But the white people here — my, oh my! Was there a convention somewhere that decided to send the least stylish Europeans to Africa? Did this continent not suffer enough at the hand of colonialism? Did it really need to be exposed to this much fishbelly-white flesh?

Every European man here is a 48-year-old, 100kg Brit who wears shorts so miniscule they might be more accurately called hot pants. And while those shorts may have fit his 34-year-old, 70kg self, they sure as hell don’t contain his blubbery exuberance now.

And the women — so much exposure! I’ve read enough Third World editions of Lonely Planet to know they all have a passage preaching caution to female travelers: Warning: Because of the way you dress, people in this country will assume you are a whore. Compared to the conservative dress of Zambian women, white women here are just a sea of endless spaghetti straps and expanses of sunburned thighs.

(I should acknowledge that I am not completely innocent of these charges. I dress nicely enough during the week, since I’m interviewing folks. But about once a week, I find myself in a t-shirt and shorts. It’s not an appealing sight, and I can’t tell you how many strange looks meet the sight of my knees on Lusaka city streets. I haven’t seen a single Zambian wearing shorts since I’ve been here.)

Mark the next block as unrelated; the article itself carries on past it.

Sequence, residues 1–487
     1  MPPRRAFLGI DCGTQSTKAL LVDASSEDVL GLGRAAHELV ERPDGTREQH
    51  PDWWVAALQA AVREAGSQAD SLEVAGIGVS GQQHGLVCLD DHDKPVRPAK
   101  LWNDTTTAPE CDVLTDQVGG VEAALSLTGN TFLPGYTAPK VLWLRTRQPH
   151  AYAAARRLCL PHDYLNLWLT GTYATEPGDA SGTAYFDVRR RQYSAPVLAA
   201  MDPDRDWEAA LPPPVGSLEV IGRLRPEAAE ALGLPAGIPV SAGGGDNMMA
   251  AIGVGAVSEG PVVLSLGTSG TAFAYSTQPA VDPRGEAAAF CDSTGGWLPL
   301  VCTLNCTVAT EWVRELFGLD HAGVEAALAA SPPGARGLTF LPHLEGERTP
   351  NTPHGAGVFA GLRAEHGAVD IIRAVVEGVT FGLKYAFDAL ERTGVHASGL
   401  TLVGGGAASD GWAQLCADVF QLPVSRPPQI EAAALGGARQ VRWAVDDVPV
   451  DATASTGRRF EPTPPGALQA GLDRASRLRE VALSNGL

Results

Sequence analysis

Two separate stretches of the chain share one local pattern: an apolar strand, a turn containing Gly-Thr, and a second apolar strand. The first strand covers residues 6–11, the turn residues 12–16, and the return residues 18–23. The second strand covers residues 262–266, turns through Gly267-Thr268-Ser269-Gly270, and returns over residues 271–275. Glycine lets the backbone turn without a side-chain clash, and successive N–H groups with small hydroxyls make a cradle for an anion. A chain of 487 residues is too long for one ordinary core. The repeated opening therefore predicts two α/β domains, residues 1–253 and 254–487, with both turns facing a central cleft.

- The BBC World Service makes good radio to brush your teeth to. You know, people complain so much about American cultural imperialism, but there’s not much here. It’s all the Brits — BBC News, Arsenal and Man United, which servant is Prince Charles buggering today, etc. The only signs you’d find of America’s existence here are (a) the two Subway sandwich shops, (b) the rap and R&B on every radio station, and (c) Coca-Cola. But not even a McDonald’s!

The satellite TV channels are all South African, Australian, or British. The place where I take my laundry is always playing some alternate-universe version of VH1. The accents are British, but it’s just off the U.S. version by a hair. (For instance, more mentions of David Beckham and Cliff Richards than you’d find in the States.) I find it strangely enthralling — I find myself secretly hoping for a long line at the laundry so I can kill time watching it.

13 November 2003


14 November | 18:51  |  dsaint

How are the street vendors in Zambia different from the people who sell roses or candy at busy intersections in Dallas?

15 November | 17:27  |  josh

Well, among other things:

- There's a lot more of them in Lusaka than in Dallas.

- Roses or candy make a certain degree (certain, mind you) of sense as things to sell on streetcorners. Men may realize on the way home they've been bad husbands/boyfriends and decide they need to make up for it, and quick. I don't see cell phone cases as a similar impulse purchase.

- Actually, I've never seen a candy vendor on the streets of Dallas. Do they exist? I sure as hell wouldn't buy candy from them. Roses, yeah, I've seen those.

16 November | 21:49  |  jessie

josh, you make me homesick for africa even as i'm in the heart of africa.